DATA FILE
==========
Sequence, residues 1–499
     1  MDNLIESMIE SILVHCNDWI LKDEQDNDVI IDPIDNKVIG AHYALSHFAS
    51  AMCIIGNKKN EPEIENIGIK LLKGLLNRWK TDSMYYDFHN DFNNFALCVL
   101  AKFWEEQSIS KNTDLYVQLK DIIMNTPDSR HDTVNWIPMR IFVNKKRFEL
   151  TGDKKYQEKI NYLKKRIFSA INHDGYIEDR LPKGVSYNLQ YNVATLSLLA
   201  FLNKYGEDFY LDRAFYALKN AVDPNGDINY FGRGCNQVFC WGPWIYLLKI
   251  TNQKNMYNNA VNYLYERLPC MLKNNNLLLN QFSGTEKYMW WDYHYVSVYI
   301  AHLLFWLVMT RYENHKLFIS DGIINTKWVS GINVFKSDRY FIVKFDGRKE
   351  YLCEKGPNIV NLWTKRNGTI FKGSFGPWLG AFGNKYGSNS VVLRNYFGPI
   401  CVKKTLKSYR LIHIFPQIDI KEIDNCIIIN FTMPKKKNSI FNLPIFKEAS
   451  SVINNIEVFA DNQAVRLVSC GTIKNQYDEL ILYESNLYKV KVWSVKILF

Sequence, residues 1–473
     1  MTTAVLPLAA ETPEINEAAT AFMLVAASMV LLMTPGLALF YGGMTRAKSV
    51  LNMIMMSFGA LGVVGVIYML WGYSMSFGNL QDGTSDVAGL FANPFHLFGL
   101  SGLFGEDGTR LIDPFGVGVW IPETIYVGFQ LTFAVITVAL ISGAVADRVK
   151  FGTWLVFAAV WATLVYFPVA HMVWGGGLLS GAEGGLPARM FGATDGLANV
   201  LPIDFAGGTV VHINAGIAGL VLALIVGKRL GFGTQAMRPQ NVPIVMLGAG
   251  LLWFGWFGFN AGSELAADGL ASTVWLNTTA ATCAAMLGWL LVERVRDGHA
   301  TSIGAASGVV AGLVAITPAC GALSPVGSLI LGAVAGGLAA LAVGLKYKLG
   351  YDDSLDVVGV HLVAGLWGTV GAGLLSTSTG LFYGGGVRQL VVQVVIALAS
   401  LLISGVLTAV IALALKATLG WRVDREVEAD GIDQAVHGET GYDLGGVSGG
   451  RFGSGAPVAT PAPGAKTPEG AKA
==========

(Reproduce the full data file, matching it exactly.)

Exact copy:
Sequence, residues 1–499
     1  MDNLIESMIE SILVHCNDWI LKDEQDNDVI IDPIDNKVIG AHYALSHFAS
    51  AMCIIGNKKN EPEIENIGIK LLKGLLNRWK TDSMYYDFHN DFNNFALCVL
   101  AKFWEEQSIS KNTDLYVQLK DIIMNTPDSR HDTVNWIPMR IFVNKKRFEL
   151  TGDKKYQEKI NYLKKRIFSA INHDGYIEDR LPKGVSYNLQ YNVATLSLLA
   201  FLNKYGEDFY LDRAFYALKN AVDPNGDINY FGRGCNQVFC WGPWIYLLKI
   251  TNQKNMYNNA VNYLYERLPC MLKNNNLLLN QFSGTEKYMW WDYHYVSVYI
   301  AHLLFWLVMT RYENHKLFIS DGIINTKWVS GINVFKSDRY FIVKFDGRKE
   351  YLCEKGPNIV NLWTKRNGTI FKGSFGPWLG AFGNKYGSNS VVLRNYFGPI
   401  CVKKTLKSYR LIHIFPQIDI KEIDNCIIIN FTMPKKKNSI FNLPIFKEAS
   451  SVINNIEVFA DNQAVRLVSC GTIKNQYDEL ILYESNLYKV KVWSVKILF

Sequence, residues 1–473
     1  MTTAVLPLAA ETPEINEAAT AFMLVAASMV LLMTPGLALF YGGMTRAKSV
    51  LNMIMMSFGA LGVVGVIYML WGYSMSFGNL QDGTSDVAGL FANPFHLFGL
   101  SGLFGEDGTR LIDPFGVGVW IPETIYVGFQ LTFAVITVAL ISGAVADRVK
   151  FGTWLVFAAV WATLVYFPVA HMVWGGGLLS GAEGGLPARM FGATDGLANV
   201  LPIDFAGGTV VHINAGIAGL VLALIVGKRL GFGTQAMRPQ NVPIVMLGAG
   251  LLWFGWFGFN AGSELAADGL ASTVWLNTTA ATCAAMLGWL LVERVRDGHA
   301  TSIGAASGVV AGLVAITPAC GALSPVGSLI LGAVAGGLAA LAVGLKYKLG
   351  YDDSLDVVGV HLVAGLWGTV GAGLLSTSTG LFYGGGVRQL VVQVVIALAS
   401  LLISGVLTAV IALALKATLG WRVDREVEAD GIDQAVHGET GYDLGGVSGG
   451  RFGSGAPVAT PAPGAKTPEG AKA